ABOUT 200 school students, parents and supporters at Mornington joined others across Australia in the first national school strike since COVID-19, Friday 21 May.
Meeting at Mornington Park they demanded the federal government stop financing gas and coal projects, and instead invest in clean, renewable energy, secure jobs and “implement First Nations’ solutions to protect Country”.
The strike was organised by the School Strike 4 Climate network to push the federal government to protect climate, land and water, and create new jobs by growing Australia’s renewable energy sector and “stop throwing money at gas”.
Speakers included year 6 students Adele, from Mount Martha Primary, and Signe, from Toorak College, year 7 students Leroy and Brett, from Woodleigh, and Dr Jacqui Salter from Mornington Peninsula Shire.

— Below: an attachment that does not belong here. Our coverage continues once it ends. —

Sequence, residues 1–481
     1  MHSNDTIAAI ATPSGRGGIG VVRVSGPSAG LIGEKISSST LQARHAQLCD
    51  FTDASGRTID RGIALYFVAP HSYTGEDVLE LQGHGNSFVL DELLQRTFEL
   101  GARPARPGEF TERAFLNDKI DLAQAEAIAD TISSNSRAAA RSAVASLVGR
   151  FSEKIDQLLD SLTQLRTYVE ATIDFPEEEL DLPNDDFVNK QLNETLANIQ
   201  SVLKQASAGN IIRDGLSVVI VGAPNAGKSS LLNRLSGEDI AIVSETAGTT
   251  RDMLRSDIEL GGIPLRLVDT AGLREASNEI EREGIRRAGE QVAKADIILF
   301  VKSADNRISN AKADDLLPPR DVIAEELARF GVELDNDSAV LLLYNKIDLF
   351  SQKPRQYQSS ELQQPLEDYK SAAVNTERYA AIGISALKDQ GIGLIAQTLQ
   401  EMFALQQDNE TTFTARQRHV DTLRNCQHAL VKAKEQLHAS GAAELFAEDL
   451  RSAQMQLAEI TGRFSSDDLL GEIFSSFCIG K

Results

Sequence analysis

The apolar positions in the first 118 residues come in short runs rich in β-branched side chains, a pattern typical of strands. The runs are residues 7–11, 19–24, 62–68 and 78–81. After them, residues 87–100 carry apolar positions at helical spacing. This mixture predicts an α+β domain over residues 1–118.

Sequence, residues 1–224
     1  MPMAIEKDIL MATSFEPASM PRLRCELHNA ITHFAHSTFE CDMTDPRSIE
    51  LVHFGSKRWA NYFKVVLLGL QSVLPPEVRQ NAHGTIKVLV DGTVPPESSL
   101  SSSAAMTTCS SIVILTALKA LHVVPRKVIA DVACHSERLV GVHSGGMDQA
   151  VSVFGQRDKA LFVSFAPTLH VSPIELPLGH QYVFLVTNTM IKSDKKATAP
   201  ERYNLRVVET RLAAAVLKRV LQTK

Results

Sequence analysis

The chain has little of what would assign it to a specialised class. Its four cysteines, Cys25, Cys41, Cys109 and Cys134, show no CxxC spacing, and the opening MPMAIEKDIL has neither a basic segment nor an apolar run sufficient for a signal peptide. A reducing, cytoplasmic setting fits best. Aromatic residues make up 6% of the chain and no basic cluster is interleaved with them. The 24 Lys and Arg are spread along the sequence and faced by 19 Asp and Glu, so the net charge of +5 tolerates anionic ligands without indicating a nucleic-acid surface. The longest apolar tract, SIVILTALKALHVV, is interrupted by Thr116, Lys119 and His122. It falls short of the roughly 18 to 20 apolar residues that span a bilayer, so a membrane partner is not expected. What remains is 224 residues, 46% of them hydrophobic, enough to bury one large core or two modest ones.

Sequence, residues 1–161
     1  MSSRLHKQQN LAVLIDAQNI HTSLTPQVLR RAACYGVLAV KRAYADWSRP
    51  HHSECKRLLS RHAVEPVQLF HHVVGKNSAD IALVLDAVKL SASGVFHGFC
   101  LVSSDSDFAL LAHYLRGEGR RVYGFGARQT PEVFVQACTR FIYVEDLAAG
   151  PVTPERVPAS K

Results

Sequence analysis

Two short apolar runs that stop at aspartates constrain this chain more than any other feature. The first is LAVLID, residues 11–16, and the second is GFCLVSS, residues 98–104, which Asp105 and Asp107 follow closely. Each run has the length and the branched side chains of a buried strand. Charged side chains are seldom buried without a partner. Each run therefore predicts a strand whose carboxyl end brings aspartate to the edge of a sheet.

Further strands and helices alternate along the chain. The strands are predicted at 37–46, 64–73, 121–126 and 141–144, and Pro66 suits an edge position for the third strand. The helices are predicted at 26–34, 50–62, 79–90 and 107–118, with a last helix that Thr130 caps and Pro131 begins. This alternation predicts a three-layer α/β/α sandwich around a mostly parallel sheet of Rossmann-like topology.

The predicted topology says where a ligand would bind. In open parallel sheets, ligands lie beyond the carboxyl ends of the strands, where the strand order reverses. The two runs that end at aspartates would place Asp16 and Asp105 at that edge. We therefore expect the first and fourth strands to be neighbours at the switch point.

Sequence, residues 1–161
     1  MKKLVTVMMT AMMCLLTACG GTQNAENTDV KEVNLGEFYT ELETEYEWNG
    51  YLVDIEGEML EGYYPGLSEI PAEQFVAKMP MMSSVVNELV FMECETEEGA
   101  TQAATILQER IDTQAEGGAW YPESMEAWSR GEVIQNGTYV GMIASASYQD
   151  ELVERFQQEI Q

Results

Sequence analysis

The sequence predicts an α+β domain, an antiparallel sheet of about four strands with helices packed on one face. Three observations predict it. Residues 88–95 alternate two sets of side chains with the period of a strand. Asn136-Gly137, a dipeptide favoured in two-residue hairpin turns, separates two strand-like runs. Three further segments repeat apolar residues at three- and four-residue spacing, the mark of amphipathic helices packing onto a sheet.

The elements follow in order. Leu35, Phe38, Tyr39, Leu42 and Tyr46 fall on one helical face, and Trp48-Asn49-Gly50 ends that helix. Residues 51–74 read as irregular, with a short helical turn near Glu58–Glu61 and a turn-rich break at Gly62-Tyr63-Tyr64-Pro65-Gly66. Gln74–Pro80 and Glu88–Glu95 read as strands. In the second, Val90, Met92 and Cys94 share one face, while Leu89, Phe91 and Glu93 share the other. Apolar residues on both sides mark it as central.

An Acknowledgement of Country was delivered by year 6 student Sarah, from Sandringham East Primary.
Adele, 11, said: “After COVID -19 the government is promoting a ‘gas-led recovery’ supporting these industries to get them back up and running after the pandemic. We protest that the money they give to the gas and coal should be invested in renewables which provide more jobs and a better planet.”
Signe, also 11, said: “Spending on renewables actually provides more jobs than the gas and coal industries, which is appalling, because that is the government’s excuse for keeping them alive.”
Groups attending included XR Mornington Peninsula, Mornington Peninsula Climate Action Network, Voices of Mornington Peninsula, Peninsula Rail Link and Save Arthurs Seat.